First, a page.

OK, so I changed my virtual server ip address in response to my host being allocated a new block of IPs. Anyhow, things seem to have gone ok. I changed DNS timeouts to short, waited, updated everything etc etc… Of course, it seems that there are always some DNS servers here and there that don’t quite play by the rules. That and I don’t directly control my secondary name server. Hopefully nobody experiences too much down time.
I’ve been recommending to friends and family that they use OpenDNS.com to help safeguard their homes from adult content. A few things have changed since I originally started using their service and I thought I’d write up a little article to help everyone understand.
Lets start with the “why”. I’m not going to focus on the reason to have some filtering technology. Instead, I want to help educate on the different types of filters and why I prefer OpenDNS. Basically, there are two types of technology being used to filter content. One methodology is to install software on a computer that monitors the computers network activity and redirects filtered content to a blocked page. The second approach is to not intrude upon the computer’s installed programs, but to handle the filtering at a network level. OpenDNS.com falls into the second category. I prefer it because I don’t have to manage every computer in our home and I don’t have to have software that potentially slows my computer down.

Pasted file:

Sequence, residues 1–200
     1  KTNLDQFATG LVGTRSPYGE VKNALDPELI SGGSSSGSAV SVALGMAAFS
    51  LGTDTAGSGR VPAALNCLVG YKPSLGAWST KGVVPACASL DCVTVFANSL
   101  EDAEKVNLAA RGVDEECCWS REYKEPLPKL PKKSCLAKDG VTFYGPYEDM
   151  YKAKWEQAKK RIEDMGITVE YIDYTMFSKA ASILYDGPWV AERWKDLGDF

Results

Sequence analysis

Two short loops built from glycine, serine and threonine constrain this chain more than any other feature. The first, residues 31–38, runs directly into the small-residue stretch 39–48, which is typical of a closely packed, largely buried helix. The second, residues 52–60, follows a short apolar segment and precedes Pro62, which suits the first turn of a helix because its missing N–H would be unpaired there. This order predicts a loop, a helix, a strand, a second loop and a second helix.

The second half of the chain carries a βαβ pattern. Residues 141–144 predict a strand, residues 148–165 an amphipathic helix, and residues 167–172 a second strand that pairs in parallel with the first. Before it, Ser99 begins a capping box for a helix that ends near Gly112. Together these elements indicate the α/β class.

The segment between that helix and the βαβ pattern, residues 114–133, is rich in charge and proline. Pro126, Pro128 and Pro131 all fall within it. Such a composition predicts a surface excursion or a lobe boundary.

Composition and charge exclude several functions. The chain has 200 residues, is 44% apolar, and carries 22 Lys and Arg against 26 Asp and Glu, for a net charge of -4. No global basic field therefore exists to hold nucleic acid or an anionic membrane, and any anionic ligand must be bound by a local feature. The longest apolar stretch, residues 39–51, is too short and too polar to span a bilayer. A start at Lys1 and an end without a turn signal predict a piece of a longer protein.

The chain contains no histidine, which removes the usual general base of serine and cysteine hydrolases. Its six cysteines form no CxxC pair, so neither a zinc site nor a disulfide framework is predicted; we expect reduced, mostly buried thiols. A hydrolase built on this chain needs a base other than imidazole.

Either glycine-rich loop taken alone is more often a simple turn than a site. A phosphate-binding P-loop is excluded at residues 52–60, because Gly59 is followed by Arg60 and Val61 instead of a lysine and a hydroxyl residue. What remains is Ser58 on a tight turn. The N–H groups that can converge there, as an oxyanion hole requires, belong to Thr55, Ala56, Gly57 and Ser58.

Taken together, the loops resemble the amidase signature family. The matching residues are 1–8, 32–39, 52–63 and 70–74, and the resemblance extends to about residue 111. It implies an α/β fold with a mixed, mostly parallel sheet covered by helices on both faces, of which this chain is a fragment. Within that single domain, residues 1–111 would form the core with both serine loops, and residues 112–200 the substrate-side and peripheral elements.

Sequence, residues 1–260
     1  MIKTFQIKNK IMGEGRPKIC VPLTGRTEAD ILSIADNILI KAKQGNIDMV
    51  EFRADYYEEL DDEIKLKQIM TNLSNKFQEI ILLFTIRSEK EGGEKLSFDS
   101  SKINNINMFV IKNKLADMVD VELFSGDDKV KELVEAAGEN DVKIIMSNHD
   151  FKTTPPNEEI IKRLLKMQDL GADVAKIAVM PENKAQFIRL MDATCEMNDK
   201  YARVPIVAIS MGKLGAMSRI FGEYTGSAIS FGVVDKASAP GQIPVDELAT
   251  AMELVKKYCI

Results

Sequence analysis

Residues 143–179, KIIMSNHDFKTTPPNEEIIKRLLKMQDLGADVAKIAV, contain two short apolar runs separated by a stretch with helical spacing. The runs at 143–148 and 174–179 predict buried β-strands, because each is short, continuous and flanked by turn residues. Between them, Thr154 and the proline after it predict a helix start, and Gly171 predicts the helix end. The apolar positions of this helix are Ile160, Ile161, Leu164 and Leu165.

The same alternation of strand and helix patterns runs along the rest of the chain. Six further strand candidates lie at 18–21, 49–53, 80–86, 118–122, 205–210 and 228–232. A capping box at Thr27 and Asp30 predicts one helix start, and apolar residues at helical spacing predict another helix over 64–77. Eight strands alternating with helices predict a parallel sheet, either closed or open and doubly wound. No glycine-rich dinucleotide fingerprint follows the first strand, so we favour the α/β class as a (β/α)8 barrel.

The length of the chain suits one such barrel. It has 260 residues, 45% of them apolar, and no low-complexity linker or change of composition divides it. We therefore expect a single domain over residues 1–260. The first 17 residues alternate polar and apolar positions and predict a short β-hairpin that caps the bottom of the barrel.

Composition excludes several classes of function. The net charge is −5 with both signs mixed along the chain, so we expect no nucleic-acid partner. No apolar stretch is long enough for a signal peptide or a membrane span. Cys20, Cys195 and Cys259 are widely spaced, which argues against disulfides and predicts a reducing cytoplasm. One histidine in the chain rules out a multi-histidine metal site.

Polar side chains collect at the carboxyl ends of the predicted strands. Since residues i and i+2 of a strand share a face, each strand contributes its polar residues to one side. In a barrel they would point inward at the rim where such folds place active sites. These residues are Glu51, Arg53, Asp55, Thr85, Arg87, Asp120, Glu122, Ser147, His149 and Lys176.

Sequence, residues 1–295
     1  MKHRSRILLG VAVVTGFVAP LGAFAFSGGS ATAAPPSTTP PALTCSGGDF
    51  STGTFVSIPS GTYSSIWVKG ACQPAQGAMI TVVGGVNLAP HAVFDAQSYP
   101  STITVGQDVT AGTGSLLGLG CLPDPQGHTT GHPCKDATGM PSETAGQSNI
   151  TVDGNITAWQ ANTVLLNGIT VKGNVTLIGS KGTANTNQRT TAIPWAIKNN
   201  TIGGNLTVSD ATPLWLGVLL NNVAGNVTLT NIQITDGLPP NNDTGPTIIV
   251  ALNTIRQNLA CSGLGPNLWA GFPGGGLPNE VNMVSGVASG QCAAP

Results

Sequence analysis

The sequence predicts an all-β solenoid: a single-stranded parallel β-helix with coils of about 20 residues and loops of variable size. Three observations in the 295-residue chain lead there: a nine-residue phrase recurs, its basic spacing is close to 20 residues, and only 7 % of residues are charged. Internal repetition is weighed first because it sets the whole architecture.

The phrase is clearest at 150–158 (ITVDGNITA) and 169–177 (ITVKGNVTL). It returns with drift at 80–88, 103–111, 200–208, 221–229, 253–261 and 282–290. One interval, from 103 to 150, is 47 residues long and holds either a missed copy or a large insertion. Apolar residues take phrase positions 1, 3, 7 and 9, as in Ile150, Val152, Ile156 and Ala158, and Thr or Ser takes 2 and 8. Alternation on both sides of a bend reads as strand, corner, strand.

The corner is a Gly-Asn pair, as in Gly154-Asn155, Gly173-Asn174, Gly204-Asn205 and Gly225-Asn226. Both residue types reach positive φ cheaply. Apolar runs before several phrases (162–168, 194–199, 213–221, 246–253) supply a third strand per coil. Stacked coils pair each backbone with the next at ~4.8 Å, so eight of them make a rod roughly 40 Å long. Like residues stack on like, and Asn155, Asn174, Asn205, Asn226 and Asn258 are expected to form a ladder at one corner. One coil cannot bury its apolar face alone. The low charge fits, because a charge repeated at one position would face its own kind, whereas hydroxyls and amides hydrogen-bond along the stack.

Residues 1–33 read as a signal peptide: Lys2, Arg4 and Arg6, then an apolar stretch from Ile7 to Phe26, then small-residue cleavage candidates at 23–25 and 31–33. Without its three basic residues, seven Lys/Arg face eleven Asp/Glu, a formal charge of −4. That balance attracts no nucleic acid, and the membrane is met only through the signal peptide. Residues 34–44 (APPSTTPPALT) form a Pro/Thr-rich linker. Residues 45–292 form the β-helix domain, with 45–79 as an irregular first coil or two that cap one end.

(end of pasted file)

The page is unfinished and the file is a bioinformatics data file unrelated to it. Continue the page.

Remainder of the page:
I have a little task that involves programmatically determining whether DNS servers are set correctly for a domain. Since this project is written in Python, I first set out to see if there were any “whois” clients already available for Python. I eventually found rwhois.py, which is a whois client with recursive ability. I noticed it hasn’t changed since 2003, but thought that if it works, that shouldn’t be much of a problem.
My first run of the program resulted in an error. The client successfully found the registrar information for my domain, but failed to parse and display it. There was a “NoParser for: whois.godaddy.com” exception. I set out to analyze the rwhois.py client and the whois protocol and see if I couldn’t either fix it or come up with something for a replacement.